Russia has flirted in years past with acting in concert with OPEC to take production off the market to rescue prices, but has shown no signs of doing so intentionally this time, even as global demand slows.
However, third-quarter production slipped from a year earlier, the first time that had occurred since the financial crisis nearly six years earlier, according to the IEA's October Oil Market Report.
In mid-September, the United States and European Union announced their latest round of sanctions against Russia, prohibiting U.S. and European companies from providing goods and services to Russian deep-water, Arctic or shale projects.
The IEA predicted that the sanctions would have minimal impact on short-term production, but will hamper the country's ability to offset declining output from older oil fields. As a result production is expected to average 10.9 million barrels a day in 2015, which would be down from this year's estimated volume.
A renaissance in oil production in the United States has brought dramatic change to the global oil movements. Output has surged to 8.5 million barrels a day from five million in 2006, and the U.S. Energy Information Administration has predicted output of 9.5 million next year. At the same time, imports have dwindled to 7.6 million (b/d) from 10.1 million. Canada is the only foreign supplier to have boosted U.S. market share.
As much as 70 per cent of the annual U.S. output gains come from three major shale deposits – the Bakken in North Dakota and the Eagle Ford and Permian in Texas, according to Manuj Nikhanj, managing director at ITG Investment Research.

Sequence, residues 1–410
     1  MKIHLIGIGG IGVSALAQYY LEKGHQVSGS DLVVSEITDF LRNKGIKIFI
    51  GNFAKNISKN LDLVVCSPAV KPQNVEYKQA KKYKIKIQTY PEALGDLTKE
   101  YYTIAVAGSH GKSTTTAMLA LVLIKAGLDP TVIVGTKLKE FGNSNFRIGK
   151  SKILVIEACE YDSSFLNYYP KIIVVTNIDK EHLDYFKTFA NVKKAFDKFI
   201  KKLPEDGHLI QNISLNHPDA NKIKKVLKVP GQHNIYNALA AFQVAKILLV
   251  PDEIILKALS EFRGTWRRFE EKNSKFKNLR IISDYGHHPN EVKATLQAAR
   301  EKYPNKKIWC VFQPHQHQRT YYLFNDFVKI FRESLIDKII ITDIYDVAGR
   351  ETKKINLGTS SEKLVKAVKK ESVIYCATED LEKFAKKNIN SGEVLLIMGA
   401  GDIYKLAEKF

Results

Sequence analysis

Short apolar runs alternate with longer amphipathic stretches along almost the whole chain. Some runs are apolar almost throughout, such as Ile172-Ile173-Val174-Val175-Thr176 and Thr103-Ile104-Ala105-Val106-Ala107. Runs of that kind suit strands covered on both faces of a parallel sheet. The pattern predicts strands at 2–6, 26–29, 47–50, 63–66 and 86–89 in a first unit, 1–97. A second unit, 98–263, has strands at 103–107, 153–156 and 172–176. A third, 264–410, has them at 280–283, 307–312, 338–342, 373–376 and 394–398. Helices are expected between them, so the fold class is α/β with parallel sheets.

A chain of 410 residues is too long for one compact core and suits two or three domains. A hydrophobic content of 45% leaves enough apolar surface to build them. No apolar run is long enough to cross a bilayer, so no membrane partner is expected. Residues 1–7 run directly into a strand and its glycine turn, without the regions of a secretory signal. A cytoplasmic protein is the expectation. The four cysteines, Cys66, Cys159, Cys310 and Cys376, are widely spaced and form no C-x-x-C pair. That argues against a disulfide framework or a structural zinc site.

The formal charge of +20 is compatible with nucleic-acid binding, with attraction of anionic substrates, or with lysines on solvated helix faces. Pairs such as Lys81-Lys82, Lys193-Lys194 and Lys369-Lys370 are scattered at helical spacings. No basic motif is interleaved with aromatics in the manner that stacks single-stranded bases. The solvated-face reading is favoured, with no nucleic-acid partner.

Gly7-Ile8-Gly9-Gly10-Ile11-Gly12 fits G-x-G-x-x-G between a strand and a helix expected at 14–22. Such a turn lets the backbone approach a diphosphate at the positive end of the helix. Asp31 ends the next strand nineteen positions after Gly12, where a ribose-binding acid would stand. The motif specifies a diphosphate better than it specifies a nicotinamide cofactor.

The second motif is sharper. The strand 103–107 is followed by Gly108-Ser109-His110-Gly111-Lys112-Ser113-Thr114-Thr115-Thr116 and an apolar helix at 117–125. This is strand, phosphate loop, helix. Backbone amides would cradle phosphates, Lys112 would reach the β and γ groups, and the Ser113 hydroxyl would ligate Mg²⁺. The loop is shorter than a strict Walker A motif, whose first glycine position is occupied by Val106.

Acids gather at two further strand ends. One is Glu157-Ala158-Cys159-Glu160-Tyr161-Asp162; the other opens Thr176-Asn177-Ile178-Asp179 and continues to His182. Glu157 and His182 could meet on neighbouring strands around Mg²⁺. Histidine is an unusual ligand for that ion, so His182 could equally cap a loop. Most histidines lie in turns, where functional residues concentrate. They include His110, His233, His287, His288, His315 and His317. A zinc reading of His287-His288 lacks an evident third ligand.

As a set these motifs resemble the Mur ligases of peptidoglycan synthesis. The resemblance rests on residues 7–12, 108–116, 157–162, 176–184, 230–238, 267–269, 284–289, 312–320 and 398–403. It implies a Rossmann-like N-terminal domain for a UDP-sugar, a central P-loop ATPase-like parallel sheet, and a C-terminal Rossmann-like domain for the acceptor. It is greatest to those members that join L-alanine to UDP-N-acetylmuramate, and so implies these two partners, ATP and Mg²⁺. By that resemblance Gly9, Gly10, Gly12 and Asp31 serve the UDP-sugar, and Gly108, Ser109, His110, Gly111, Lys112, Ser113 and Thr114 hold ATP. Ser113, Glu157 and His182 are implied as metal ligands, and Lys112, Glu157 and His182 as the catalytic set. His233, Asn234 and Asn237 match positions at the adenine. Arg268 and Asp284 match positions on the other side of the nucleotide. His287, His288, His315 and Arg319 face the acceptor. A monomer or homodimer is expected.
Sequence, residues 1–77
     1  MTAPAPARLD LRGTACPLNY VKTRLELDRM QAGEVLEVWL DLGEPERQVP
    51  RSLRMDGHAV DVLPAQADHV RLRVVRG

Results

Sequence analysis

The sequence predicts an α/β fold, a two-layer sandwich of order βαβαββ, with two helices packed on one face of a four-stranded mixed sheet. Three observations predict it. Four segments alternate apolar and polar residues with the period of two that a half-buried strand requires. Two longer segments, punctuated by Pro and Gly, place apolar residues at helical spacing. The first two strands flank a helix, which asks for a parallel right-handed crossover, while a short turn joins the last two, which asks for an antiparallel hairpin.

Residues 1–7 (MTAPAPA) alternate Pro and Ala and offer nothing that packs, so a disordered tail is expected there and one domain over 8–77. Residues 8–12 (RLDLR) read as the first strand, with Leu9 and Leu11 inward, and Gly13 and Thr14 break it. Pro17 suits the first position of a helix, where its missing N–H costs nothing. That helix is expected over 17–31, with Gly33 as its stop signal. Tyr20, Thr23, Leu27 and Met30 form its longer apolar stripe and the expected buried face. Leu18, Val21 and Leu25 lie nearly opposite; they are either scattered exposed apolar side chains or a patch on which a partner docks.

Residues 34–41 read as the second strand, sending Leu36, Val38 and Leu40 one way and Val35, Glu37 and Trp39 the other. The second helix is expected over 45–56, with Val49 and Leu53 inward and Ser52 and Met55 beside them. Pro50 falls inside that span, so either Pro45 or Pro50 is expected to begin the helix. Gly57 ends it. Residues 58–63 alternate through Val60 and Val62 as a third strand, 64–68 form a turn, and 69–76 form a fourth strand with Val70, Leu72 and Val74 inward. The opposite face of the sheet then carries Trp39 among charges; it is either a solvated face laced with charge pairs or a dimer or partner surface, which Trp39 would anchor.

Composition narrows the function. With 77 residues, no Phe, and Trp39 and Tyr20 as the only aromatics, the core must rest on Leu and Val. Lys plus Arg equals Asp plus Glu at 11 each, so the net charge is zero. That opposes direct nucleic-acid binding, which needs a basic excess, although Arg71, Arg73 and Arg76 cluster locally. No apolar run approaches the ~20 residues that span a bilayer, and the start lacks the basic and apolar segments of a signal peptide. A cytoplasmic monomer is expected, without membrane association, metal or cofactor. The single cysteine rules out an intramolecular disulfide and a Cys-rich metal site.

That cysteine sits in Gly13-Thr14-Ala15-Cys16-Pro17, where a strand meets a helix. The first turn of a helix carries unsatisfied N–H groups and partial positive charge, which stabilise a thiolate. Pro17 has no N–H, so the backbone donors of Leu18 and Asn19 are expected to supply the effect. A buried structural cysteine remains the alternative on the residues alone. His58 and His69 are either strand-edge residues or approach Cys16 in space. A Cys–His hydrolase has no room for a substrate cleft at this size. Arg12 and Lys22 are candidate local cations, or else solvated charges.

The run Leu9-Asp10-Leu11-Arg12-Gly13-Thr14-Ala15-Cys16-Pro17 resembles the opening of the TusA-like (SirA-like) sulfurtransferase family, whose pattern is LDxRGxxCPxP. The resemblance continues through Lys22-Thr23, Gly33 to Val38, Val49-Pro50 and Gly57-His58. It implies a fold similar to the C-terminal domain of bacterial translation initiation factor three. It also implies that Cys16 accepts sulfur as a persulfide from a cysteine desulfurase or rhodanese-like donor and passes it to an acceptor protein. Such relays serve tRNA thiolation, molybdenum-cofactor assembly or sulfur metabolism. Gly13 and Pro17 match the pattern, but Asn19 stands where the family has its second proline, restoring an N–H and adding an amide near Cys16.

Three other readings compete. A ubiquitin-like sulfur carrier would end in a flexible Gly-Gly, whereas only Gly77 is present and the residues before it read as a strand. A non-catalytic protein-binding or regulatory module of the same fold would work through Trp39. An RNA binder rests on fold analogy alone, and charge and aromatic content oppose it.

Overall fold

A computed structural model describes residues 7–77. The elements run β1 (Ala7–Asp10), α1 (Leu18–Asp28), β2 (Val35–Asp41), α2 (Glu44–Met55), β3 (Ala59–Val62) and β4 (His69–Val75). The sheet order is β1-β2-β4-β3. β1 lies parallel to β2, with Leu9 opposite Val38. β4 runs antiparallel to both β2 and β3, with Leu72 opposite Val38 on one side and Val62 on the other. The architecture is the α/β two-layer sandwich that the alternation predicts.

The plays require active horizontal drilling and hydraulic fracturing, or fracking, operations to keep the oil flowing, with well costs running between $6-million (U.S) and $12-million each. Break-even oil prices for most of the major shale fields are between $60 and $70 a barrel, Mr. Nikhanj said.
It is doubtful crude prices in the current range will force producers to curtail operations, though reduced cash flow may prompt them to trim capital spending, especially as shaky capital markets make it tougher for companies to raise extra money by issuing shares or debt. The eventual result could be a slightly flatter profile for overall production gains.
In Canada, the Alberta oil sands have generated the bulk of new production. In recent years, developers expanded multibillion-dollar projects as congested pipelines backed supplies up within the province, at times leading to deeply discounted prices. Currently, that discount is unusually narrow. That, and the weaker Canadian dollar, have combined to keep realized prices for domestic heavy oil relatively steady in comparison with world prices. According to BMO Nesbitt Burns, it takes oil at $90 a barrel, on average, to develop and operate oil sands mines profitably, though well-established projects can run at much lower prices. All-in costs for steam-driven projects, which comprise most new developments, average $65 a barrel.